How does an air bearing work?
Many describe the air bearing gap figuratively as an air cushion between bearing and counterpart (e.g. shaft), which is generally correct, but described too statically. In and precisely because of the bearing gaps, which are only a few micrometers thick, dynamic processes such as squeeze film dampers, shear flows and aerodynamic effects play the dominant role and generate gap flow velocities (without any movement of the bearing pairs) of more than 250 m/s. Thus, a pressurized system described in layman’s terms has little in common with an air bearing.
We distinguish between aerodynamic and aerostatic bearings, whereby the bearing pressure in the former is generated solely by the relative motion of the bearing pairs themselves, which have special features such as elevations and/or structures for this purpose. Fig. 11 shows a sectional view of a static and aerodynamic radial bearing without shaft as a striking example. For aerostatic bearings, the bearing pressure must be introduced into the bearing gap from the outside. For static air bearings, the bearing gap is therefore abstractly the gap system between the outlet and inlet and is dependent on these in many respects and, above all, dynamically.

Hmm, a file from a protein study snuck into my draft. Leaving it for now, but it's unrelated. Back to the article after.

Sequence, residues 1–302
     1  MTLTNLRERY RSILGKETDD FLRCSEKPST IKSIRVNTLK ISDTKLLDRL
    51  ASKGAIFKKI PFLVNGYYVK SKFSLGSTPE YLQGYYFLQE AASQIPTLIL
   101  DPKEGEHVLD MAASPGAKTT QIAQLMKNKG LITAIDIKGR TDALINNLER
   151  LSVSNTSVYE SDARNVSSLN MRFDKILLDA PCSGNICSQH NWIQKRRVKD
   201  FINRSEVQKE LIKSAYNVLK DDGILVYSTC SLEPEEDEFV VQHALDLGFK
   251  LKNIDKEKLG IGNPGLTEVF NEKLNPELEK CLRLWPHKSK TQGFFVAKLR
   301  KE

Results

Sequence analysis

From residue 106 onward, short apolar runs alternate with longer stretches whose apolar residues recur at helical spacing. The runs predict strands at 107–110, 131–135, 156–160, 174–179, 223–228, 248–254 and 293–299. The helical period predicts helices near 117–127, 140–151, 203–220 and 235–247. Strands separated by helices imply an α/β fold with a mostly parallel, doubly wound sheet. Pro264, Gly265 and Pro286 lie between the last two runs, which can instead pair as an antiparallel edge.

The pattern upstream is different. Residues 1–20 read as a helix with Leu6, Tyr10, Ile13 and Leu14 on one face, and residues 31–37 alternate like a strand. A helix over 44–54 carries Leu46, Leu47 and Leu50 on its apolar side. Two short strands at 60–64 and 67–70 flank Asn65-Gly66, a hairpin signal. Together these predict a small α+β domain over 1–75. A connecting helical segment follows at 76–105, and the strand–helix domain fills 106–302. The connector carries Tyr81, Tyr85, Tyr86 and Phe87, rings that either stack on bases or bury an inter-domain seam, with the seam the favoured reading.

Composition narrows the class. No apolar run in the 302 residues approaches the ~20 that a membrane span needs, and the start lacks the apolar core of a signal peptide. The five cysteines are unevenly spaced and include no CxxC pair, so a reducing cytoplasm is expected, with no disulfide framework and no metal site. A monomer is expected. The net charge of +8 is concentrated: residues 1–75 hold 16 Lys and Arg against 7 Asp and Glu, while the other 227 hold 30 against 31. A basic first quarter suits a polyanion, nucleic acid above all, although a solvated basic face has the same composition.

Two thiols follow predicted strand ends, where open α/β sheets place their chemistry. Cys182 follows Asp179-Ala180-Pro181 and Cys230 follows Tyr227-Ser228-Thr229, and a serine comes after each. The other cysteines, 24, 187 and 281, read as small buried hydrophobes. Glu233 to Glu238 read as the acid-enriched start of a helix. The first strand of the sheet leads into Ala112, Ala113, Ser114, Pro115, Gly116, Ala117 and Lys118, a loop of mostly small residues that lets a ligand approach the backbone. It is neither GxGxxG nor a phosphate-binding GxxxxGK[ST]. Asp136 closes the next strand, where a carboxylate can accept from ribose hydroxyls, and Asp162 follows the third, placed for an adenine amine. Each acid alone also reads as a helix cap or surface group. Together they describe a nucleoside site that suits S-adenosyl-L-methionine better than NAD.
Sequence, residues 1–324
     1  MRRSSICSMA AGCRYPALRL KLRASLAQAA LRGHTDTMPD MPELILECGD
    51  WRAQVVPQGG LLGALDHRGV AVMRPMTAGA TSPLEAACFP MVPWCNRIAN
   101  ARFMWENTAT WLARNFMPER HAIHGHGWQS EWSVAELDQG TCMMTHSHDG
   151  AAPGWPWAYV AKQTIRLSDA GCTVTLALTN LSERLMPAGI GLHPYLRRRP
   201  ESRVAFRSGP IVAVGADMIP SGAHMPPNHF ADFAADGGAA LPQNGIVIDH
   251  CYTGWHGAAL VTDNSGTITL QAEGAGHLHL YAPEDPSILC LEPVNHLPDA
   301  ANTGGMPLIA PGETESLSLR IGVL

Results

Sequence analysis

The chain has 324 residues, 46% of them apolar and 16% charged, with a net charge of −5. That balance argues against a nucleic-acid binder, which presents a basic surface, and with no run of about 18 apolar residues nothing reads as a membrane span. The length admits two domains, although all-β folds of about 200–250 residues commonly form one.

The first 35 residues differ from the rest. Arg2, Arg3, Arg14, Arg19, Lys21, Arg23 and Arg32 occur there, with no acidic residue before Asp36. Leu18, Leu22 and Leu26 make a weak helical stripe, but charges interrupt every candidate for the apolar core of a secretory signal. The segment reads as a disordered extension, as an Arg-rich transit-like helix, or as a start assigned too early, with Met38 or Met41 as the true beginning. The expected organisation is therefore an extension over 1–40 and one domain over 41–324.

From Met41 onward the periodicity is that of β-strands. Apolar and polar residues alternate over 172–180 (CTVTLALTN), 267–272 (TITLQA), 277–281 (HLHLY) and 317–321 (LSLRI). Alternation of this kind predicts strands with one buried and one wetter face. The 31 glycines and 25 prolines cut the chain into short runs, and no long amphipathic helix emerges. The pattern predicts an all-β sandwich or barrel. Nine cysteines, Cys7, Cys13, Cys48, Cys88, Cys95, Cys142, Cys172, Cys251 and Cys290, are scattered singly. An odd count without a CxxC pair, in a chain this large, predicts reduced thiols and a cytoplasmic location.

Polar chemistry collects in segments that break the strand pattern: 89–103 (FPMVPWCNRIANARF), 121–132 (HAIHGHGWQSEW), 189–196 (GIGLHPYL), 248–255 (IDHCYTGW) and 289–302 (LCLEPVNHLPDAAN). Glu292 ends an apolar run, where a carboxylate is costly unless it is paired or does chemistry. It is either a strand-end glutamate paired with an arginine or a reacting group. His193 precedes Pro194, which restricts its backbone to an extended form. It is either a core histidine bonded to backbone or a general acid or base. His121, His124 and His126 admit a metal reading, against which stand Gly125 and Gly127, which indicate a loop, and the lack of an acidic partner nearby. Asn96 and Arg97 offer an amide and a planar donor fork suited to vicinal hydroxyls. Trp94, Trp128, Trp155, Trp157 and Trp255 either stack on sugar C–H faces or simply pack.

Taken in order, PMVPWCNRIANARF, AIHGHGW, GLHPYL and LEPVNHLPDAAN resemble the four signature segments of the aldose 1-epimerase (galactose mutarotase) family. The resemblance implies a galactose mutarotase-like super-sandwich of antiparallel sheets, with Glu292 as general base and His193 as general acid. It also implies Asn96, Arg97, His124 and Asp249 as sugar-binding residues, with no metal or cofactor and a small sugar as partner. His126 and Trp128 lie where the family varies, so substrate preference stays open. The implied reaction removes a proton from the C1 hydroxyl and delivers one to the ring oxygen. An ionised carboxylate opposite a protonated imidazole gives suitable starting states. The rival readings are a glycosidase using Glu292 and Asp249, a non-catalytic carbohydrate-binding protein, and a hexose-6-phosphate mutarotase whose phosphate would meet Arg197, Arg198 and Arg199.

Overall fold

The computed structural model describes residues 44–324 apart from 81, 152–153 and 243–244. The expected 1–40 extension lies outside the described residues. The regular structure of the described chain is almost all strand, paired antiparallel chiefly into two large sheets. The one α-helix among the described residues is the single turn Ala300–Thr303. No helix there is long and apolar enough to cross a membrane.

The bearing function is based on the axial and tangential pressure distribution, which generates load capacity, as well as the air flow through the bearing gap, which is mainly responsible for generating stiffness. Stiffness here corresponds to the change in load carrying capacity with the radial displacement of the shaft (radial bearings) or the axial displacement of the plate (thrust bearings). The pressure distribution as well as the flow rate, however, are sometimes functions of the bearing gap as well as the throttling, whereby a distinction is made here between throttling at the inlet (inlet throttled) or at the outlet (outlet throttled).
Reduction - Why necessary?
In example 12a, the shaft between the upper and lower bearing edges is in geometric as well as physical equilibrium. There is pressure pm=pm1=pm2 all around between the rows of nozzles. Due to a disturbance – for example cutting force – the shaft is now displaced according to 12b and creates gaps of different sizes H1 and H2.
If the feed pressure P0 were now directed into the bearing gap without being throttled, the same pressure and thus force would prevail over the circumference everywhere. A restoring force against the “disturbance” would therefore be missing, the bearing would have no function.
Through analytically and iteratively calculated and optimized nozzles – fed by the feed pressure p0 – an intermediate pressure pm (H,p0…) is generated after the nozzle, which is sometimes dependent on the bearing gap thickness H immediately after the nozzle. Ergo, the smaller the bearing gap after the respective nozzle, the higher the intermediate pressure pmafter the nozzle and thus also the pressure force.Thus, in the event of a displacement of the shaft by disturbance, a path-dependent restoring force and thus also stiffness – i.e. restoring force change with displacement – is ensured.